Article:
So, Allen Ginsberg comes to Portland in 1956 with his friend Gary Snyder and they spend a couple of days at Reed College. He’s 29 and just about as full of desire as a human can be. He wants to touch the firmament and he wants to savor the most exotic pleasures of the flesh, he wants to be the greatest poet ever and he wants everyone to know it, he wants to drink with the gods and use the hangover to prove that he’s caroused with them. And what separates him from just about every other ambition-drenched artist out there is that in 1956 he is carrying “Howl” in his pocket, and all the contradictions, the spirit and the flesh, the yearning for desirelessness, the hunger to be both participant and observer at the same time, have been resolved, temporarily, on the page. After reading several shorter poems on the second night, he turns to “Howl.” And, well, you should check it out.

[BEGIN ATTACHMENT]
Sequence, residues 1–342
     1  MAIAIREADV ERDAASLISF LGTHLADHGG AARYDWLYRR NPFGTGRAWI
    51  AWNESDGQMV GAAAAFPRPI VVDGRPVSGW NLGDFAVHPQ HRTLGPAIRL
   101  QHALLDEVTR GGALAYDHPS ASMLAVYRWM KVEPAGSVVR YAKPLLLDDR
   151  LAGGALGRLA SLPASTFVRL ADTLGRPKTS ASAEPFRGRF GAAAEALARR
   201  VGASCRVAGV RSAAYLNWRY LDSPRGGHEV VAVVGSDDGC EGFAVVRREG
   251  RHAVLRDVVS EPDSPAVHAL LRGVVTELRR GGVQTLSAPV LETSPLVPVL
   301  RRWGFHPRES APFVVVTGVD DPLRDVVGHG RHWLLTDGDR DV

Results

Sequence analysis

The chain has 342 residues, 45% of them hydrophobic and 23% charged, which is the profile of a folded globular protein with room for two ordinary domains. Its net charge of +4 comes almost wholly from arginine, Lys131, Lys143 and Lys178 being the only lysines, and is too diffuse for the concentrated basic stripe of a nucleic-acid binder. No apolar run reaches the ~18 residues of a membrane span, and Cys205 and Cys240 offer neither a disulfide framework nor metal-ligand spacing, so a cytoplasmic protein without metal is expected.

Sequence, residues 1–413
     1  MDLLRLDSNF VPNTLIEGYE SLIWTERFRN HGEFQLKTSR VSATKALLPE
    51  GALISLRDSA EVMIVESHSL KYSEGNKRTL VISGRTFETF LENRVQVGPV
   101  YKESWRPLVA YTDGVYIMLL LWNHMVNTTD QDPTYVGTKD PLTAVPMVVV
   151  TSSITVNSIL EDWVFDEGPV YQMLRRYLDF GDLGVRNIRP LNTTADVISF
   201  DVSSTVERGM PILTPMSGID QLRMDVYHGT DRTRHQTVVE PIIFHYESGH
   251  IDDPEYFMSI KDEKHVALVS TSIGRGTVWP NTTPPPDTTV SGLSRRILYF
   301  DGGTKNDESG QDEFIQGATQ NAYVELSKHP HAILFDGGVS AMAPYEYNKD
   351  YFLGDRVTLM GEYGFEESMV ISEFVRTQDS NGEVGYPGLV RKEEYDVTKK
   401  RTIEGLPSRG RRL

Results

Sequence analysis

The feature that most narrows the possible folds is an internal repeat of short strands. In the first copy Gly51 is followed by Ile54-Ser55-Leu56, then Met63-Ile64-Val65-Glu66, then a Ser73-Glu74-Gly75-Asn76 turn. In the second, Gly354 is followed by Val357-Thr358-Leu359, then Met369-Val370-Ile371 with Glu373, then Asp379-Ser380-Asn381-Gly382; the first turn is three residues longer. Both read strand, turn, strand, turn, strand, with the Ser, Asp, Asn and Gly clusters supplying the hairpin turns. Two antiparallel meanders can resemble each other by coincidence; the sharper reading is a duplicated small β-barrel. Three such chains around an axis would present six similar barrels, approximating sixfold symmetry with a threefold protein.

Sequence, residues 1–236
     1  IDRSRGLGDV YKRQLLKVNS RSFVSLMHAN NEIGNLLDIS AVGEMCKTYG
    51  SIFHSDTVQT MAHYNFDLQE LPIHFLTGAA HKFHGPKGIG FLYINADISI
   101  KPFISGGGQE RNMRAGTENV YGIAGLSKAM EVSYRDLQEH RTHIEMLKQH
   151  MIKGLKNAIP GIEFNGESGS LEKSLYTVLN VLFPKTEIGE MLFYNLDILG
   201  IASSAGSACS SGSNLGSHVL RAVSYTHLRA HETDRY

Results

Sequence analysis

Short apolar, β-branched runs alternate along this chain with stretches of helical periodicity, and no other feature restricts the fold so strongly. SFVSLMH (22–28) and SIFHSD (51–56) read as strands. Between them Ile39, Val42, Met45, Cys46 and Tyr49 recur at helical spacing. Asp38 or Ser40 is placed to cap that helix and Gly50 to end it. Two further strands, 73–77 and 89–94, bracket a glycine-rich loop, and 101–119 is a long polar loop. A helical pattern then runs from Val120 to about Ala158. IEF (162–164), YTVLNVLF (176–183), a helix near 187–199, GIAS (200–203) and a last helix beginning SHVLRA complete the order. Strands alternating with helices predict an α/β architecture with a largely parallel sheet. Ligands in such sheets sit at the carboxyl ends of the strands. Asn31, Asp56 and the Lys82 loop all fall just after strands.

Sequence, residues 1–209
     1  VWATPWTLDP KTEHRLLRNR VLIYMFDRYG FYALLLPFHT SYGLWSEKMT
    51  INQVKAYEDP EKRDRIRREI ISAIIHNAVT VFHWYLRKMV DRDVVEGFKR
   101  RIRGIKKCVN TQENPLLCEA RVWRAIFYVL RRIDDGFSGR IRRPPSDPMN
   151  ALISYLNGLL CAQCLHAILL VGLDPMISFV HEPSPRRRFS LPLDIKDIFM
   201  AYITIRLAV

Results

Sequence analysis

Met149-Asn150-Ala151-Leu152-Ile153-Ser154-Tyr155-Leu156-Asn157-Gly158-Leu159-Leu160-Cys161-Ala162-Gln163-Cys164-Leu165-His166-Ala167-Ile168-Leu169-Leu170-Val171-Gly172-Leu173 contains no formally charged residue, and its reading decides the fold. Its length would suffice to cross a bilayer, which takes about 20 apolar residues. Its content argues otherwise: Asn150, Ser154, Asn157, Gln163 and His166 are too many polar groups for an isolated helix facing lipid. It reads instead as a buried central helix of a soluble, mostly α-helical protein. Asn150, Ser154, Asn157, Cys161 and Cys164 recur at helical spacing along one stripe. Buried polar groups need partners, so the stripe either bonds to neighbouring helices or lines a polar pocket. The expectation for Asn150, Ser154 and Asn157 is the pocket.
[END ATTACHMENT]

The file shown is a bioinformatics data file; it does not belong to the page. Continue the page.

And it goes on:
Reed College has now posted the audio tape of Ginsberg’s reading of “Howl” at the college in 1956. It’s offering a range of options (from the master tape unedited including several other poems and Ginsberg’s intro to “Howl” to an edited version of “Howl”). For the most concentrated dose, go straight to the edited “Howl.” He starts out slowly, deliberately, in a youthful version of the nasal tones that only became nosier as he aged. It picks up. Faster. Higher pitched. More intense. This isn’t the final published version of “Howl” (which wasn’t finally reached until 1986): If you follow along with the printed page, he skips around, changes the order, drops some phrases and adds others. But, after rather lackadaisically making his way through the other poems that preceded “Howl” that night (and available at the site, too), he is fully engaged with the text. He KNOWS it’s good, and tries to live up to it with his reading, even though the crowd is small (though responsive, laughing at some of the more delightfully over-the-top moments in the poem). And I was laughing too.